Tuesday, May 18, 2010

Gastroenterologists and Anesthesiologists--Can't We Just Get Along

A couple of days ago, I mentioned the antagonism shown to Dr. Alexander Hannenberg, president of the ASA, during his presentation at the DDW.  He was trying to lay out his reasoning for why anesthesiologists alone should provide propofol sedation during GI endoscopy.  This naturally didn't sit well in a room filled with hundreds of gastroenterologists. I feel that this animosity is more motivated by money than any legitimate medical reason.  So let me present some logical reasons why anesthesiologists and the use of propofol should be used in every endoscopic procedure.

Improved patient compliance.  Patients' worst fears and the reason many avoid needed endoscopic screening are the perceived pain felt during the procedure.  They hear horror stories about how uncomfortable the procedure is from friends or recall bad memories of previous endoscopies.  But once they've experienced a screening with propofol sedation, many are effusive with praise.  When they wake up, they can't even believe the procedure is already finished.  They have no further hesitation for future endoscopies and highly recommend to their friends and family the virtues of propofol sedation.  Thus more procedures and money for the gastroenterologists.

Improved examination.  When the patient is well sedated with propofol by an anesthesiologist, the patient has minimal movement compared to a versed/fentanyl moderate sedation.  The gastroenterologist is free to take his time to examine the GI tract thoroughly at his leisure instead of telling three people to hold the patient down before he falls out of bed.  A better examination leads to a better reputation which leads to more referrals, which again means more money for gastroenterologists.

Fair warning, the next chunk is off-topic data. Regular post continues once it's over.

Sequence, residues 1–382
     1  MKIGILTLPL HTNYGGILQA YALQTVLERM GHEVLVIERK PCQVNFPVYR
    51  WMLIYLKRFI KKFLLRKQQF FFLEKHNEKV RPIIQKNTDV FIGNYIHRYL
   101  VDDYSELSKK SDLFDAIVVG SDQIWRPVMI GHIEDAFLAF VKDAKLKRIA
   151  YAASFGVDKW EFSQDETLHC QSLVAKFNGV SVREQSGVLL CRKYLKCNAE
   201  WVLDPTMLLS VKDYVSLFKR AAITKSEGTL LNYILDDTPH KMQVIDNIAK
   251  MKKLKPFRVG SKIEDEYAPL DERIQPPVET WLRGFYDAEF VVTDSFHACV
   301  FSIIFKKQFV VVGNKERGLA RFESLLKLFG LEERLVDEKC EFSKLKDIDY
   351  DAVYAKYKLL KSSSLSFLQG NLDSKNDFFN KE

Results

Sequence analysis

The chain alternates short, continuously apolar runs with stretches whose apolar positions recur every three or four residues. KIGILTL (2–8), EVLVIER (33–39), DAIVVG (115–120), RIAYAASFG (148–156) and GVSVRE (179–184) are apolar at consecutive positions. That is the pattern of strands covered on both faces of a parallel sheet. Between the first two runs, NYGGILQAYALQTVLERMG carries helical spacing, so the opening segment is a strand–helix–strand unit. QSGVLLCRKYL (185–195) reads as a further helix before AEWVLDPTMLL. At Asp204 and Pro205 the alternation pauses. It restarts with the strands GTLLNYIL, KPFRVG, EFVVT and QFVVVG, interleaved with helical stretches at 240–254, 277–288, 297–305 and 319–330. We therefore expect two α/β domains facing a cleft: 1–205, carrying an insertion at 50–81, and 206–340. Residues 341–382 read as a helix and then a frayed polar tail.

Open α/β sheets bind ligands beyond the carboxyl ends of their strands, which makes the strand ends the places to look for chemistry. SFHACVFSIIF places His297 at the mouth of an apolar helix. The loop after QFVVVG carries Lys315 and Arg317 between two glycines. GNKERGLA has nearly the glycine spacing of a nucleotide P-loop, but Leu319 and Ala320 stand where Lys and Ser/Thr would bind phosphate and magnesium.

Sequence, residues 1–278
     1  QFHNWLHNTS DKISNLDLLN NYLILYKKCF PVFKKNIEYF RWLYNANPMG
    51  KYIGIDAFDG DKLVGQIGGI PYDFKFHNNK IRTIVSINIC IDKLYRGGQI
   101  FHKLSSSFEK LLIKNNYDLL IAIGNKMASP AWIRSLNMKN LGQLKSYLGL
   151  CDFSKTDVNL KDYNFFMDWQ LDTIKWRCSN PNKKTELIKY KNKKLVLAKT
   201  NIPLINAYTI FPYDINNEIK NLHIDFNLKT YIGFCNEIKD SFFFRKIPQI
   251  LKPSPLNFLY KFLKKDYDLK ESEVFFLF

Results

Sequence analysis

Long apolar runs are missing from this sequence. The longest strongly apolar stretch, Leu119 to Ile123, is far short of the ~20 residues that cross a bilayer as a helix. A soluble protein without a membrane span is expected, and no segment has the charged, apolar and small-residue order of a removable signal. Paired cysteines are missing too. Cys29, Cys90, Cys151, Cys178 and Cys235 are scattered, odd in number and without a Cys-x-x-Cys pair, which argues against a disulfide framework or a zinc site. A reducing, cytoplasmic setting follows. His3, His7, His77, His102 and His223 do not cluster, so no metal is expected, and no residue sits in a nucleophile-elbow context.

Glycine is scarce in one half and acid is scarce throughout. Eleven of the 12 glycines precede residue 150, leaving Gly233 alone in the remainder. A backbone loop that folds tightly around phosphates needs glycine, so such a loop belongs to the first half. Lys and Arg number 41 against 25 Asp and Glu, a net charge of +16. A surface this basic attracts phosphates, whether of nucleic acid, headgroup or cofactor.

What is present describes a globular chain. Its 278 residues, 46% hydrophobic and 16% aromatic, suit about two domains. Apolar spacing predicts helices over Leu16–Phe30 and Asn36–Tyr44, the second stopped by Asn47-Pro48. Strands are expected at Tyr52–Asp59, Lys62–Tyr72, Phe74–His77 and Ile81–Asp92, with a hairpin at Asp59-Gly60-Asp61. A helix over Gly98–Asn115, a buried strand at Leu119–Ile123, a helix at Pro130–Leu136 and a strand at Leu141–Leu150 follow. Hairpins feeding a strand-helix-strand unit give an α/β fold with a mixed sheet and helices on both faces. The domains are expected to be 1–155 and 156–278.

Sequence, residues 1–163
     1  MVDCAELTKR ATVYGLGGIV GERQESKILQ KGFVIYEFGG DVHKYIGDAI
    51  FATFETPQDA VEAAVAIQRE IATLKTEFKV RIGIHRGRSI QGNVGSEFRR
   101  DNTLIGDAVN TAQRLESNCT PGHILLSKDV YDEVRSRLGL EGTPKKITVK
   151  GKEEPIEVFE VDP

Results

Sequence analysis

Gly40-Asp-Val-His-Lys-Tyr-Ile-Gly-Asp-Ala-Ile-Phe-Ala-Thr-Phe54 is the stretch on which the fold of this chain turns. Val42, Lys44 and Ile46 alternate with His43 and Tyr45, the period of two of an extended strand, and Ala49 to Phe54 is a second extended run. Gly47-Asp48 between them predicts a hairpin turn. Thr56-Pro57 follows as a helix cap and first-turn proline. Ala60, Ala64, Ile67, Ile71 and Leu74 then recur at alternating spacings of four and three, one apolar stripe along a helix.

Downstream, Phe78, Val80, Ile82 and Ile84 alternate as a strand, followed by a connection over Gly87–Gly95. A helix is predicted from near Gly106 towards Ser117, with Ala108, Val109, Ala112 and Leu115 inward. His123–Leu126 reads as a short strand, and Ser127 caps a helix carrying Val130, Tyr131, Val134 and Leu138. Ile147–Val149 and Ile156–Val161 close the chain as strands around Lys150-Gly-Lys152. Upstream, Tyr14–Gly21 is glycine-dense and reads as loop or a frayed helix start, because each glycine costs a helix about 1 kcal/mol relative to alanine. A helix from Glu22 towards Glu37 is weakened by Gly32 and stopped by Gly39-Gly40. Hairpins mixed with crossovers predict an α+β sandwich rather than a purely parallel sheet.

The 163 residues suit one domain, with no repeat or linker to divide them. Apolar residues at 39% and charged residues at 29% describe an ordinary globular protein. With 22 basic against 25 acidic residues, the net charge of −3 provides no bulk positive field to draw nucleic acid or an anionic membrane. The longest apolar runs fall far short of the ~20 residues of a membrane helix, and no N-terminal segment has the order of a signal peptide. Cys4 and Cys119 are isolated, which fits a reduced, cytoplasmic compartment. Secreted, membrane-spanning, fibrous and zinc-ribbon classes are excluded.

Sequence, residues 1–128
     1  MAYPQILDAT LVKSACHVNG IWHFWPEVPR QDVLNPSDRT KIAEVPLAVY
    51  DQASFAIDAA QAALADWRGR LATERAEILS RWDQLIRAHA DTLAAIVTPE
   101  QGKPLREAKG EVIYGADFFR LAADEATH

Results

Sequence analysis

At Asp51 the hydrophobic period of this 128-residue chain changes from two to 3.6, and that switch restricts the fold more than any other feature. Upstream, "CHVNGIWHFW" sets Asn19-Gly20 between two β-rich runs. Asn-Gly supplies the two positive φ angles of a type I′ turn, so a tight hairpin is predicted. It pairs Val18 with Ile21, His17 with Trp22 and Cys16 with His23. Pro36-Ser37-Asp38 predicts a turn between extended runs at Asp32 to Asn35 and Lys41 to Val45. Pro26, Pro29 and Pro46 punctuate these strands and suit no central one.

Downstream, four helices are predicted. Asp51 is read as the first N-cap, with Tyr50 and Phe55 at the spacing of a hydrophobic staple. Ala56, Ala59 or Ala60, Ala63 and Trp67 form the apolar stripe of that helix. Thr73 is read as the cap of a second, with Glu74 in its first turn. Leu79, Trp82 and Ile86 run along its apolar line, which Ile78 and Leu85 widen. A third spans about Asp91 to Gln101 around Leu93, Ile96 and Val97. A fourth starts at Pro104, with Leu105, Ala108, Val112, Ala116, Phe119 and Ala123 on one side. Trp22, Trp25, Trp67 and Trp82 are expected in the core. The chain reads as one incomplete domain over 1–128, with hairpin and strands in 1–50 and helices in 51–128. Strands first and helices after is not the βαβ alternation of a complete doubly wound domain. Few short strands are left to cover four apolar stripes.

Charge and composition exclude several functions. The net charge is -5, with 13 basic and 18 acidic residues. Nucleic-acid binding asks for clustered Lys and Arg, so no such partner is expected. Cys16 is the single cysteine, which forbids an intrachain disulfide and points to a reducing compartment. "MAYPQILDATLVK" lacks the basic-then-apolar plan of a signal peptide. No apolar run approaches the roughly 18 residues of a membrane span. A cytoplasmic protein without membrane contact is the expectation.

The gastroenterologist can concentrate on his exam.  Two sets of eyes watching the patient during a procedure is better than one.  Sure a nurse can give the sedation and chart the vital signs and assist the doctor and monitor the patient's airway for impending obstruction.  But isn't it safer to have another physician who is a trained expert in all those activities in the room?  If the patients loses his airway and codes, guess who is going to get sued? The sedation nurse and the gastroenterologist.  And the nurse's lawyer will punt the responsibility to the MD in charge of the room.  If an anesthesiologist was present the GI doc's lawyers could legitimately say that the airway is not his concern and is the onus of the anesthesiologist and we would agree. Why does an endoscopist want to risk a malpractice lawsuit from a patient that becomes hypoxic and possibly get an MI, stroke, or even dies on the table when there are plenty of anesthesiologists willing to help out to prevent such a tragedy? Fewer lawsuits, more money.

As you can see, there are plenty of monetary incentives for GI docs to use anesthesiologists in the endoscopy suite.  There are now papers that document increased satisfaction from patients and endoscopists with propofol sedation.  In this era of evidence based medicine, the gastroenterologists should abandon their traditional ambivalence and embrace anesthesiologist-administered propofol for endoscopy.

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